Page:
• ### Where are they now?

Structured and supported spatial patterning or sharing games and activities as well as rhythmic songs or rhymes will help to build this concept.

• ### Where to next?

Makes and distributes small equal groups with support (e.g 2 paste bottles per table, 6 crayons per table)

• ### Purpose

Multiplicative thinking is a critically important ‘big idea’ as it underpins virtually all of the work in number and algebra in the middle years of schooling. (p28 Chapter 2: Working with the Big Ideas in Number and the Australian Curriculum: Mathematics.  Dianne Siemon, John Bleckly, Denise Neal.)

Building Multiplication and Division skills:

The skill of multiplying and dividing draws on all of the skills studied in the whole number, addition and subtraction sections.  A failure to progress will generally indicate one or more of these skills needs to be revisited.

Fluency with basic facts allows for ease of computation, especially mental computation, and therefore aids in the ability to reason numerically in every number-related area.  Although calculators and tedious counting are available for students who do not have command of the facts, reliance on these methods for simple number combinations is a serious handicap to mathematical growth (p167, elementary and middle school mathematics)

Student’s early multiplication and division knowledge is based fundamentally on the development of counting sequences and arithmetic strategies, along with skills of combining, partitioning and patterning (CMIT P30, LFN).  Early multiplication and division strategies focus on the structure and use of groups of things.  Rather than emphasizing individual items or number words, students develop increasingly sophisticated ideas of “composites”.  As they develop the concept of multiplication, students focus on groups of items and learn to treat the groups as items themselves (CMIT, LFN, P6).

Integral to solving multiplication and division problems is the ability to make and count equal groups.  Students also need to know that a set of objects has the same numerical quantity no matter how they are arranged (p24DENS1).  They need to be able to trust the count.

Specifically moving from step 1+2 to step 3:

Moving from key concept of:
Pre-counting – This is important because these concepts lay the foundation for children to later develop an understanding of the many ways that numbers are related to each other; for example five is two more than three, and one is less than six.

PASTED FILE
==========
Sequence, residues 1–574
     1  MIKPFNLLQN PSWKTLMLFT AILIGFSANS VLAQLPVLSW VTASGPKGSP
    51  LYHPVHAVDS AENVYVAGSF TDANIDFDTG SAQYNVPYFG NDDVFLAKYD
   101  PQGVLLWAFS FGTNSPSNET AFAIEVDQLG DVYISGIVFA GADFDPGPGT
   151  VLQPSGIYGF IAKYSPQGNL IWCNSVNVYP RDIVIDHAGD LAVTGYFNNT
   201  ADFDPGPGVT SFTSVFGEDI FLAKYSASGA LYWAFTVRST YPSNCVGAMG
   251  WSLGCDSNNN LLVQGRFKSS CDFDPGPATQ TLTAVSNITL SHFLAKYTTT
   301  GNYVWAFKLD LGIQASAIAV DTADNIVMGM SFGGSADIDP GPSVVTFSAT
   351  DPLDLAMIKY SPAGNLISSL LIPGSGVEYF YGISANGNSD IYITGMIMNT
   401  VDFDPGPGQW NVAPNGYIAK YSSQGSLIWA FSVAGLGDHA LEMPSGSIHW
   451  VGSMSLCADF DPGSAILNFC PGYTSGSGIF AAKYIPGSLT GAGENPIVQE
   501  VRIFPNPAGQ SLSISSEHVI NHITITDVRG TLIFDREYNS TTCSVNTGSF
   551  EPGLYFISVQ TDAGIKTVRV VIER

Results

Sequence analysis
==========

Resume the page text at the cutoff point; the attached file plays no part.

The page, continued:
To the key concept of:

One-to-one counting – Counting is important because the meaning attached to counting is the key conceptual idea on which all other concepts are based.  (NZ Maths  – http:www.nzmaths.co.nz/number-early-learning-progression)

### References and links to other resources

Developing Efficient Number Strategies Book 1, Find-a-Group, p123 and Trains, p129.

Elementary and Middle School Mathematics: Teaching developmentally, John Van De Walle (7th edn)

http://www.nzmaths.co.nz/general-interaction-ideas-number

*Gives interaction ideas for pre-counting and one-to-one counting.

http://www.education.vic.gov.au/school/teachers/teachingresources/discipline/maths/continuum/Pages/learntocount.aspx

*Explains the principals involved in learning to count, ‘Even if young children can recite the number sequence (i.e say one, two , three, etc) we cannot assume that they can count small sets of objects.  Learning to count involves learning several important principals….’

Online

http://au.ixl.com/math

### Beehives – sharing

Focus: The ability to create and distribute equal groups is a precursor for multiplicative thinking. The beehives act as a unitising ‘container’ for the groups created, facilitating a count of groups as well as a count of the elements within each group.

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Beehives-sharing instructions

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Beehives (Blank)

### Assessment Rubric

Focus: To assess students’ ability to use perceptual counting and sharing to form groups of specified sizes. .

How: See Assessment rubric sheet

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Assessment rubric